US Dollar Sideways on Housing Slump, Doubts Over US-China Deal

The US dollar is trading relatively sideways against several currency pairs midweek. The greenback failed to find a concrete direction after housing data disappointed investors and a prominent Republican senator raising doubts on progress in US-China trade negotiations. The buck is trying to salvage the week after falling the first two sessions.

According to the National Association of Realtors, existing home sales fell 2.2% in September to a seasonally adjusted annual rate of 5.38 million. The decline is higher than the market forecast of a 0.1% drop.
In the week ending October 18, mortgage applications plunged 11.9%, following a 0.5% gain in the previous week. This was the biggest decline since October 2015, reports the Mortgage Bankers Association (MBA).
Housing prices also fell short of expectations as the Federal Housing Finance Agency (FHFA)’s House Price Index advanced just 0.2% in August. The median estimate was 0.3%.
In other data, the Richmond Federal Reserve Bank’s manufacturing index edged higher to 8 this month, up from -9 in September.
Speaking in an interview with CNBC, Sen. Marco Rubio (R-FL) expressed doubts that the administration struck a deal with the world’s second-largest economy. Even if the two sides reach a deal, Rubio is skeptical that Beijing will comply with the agreement, citing the strained China-Hong Kong relationship.

If you look at the statements that have come out, it’s been very difficult to get the Chinese to admit that they agreed to what has been reported they agreed to.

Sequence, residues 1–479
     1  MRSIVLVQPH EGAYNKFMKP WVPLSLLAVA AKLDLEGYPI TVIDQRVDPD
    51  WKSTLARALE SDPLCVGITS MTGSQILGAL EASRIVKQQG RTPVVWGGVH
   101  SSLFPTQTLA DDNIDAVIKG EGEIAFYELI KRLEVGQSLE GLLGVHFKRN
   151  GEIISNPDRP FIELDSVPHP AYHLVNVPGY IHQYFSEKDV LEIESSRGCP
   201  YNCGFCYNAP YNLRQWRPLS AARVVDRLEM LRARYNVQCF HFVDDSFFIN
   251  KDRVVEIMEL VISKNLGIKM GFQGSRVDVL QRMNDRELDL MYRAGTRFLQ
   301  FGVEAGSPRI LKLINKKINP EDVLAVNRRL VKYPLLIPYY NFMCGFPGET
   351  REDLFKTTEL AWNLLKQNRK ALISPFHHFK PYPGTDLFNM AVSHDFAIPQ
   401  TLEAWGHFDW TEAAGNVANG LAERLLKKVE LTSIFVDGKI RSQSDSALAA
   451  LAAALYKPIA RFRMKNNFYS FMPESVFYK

I don’t think we have a deal with them in the first traunch. They’re going to try to get away with what they can get away with.

I do believe that they will agree to things they don’t intend to comply with. They made all kinds of agreements about the kind of relationship with Hong Kong they would have and they’re clearing violating that.

Earlier this month, the White House announced that it reached the first phase of a comprehensive trade agreement with China. As part of the terms, which were agreed in principle, China would buy up to $50 billion in US agriculture, address US concerns over intellectual property theft, and open domestic markets to American banks. In exchange, Washington would postpone tariff hikes. This part of the arrangement is expected to be signed at the Asia-Pacific Economic Cooperation (APEC) meetings in Chile next month.
The US Dollar Index, which measures a basket of currencies, rose 0.06% to 97.59, from an opening of 97.49. But the greenback has slipped 0.3% on the week.
The USD/CAD currency pair dipped 0.02% to 1.3091, from an opening of 1.3095, at 16:30 GMT on Wednesday. The EUR/USD tumbled 0.04% to 1.1119, from an opening of 1.1127.

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